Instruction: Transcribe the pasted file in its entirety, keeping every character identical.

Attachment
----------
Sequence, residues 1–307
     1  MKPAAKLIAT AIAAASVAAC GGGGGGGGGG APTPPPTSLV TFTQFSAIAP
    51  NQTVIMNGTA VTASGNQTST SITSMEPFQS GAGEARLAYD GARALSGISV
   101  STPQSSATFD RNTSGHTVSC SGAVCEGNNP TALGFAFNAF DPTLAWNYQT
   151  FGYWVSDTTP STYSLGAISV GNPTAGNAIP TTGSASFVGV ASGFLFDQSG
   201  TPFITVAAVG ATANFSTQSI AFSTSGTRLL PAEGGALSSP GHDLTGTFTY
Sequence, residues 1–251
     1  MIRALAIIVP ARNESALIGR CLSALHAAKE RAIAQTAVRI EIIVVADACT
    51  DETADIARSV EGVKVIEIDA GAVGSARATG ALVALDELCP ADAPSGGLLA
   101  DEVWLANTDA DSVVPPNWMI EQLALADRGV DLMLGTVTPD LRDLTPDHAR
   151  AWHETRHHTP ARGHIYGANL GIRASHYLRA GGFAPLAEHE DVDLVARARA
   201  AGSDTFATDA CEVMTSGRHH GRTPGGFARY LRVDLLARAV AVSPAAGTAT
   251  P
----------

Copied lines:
Sequence, residues 1–307
     1  MKPAAKLIAT AIAAASVAAC GGGGGGGGGG APTPPPTSLV TFTQFSAIAP
    51  NQTVIMNGTA VTASGNQTST SITSMEPFQS GAGEARLAYD GARALSGISV
   101  STPQSSATFD RNTSGHTVSC SGAVCEGNNP TALGFAFNAF DPTLAWNYQT
   151  FGYWVSDTTP STYSLGAISV GNPTAGNAIP TTGSASFVGV ASGFLFDQSG
   201  TPFITVAAVG ATANFSTQSI AFSTSGTRLL PAEGGALSSP GHDLTGTFTY
Sequence, residues 1–251
     1  MIRALAIIVP ARNESALIGR CLSALHAAKE RAIAQTAVRI EIIVVADACT
    51  DETADIARSV EGVKVIEIDA GAVGSARATG ALVALDELCP ADAPSGGLLA
   101  DEVWLANTDA DSVVPPNWMI EQLALADRGV DLMLGTVTPD LRDLTPDHAR
   151  AWHETRHHTP ARGHIYGANL GIRASHYLRA GGFAPLAEHE DVDLVARARA
   201  AGSDTFATDA CEVMTSGRHH GRTPGGFARY LRVDLLARAV AVSPAAGTAT
   251  P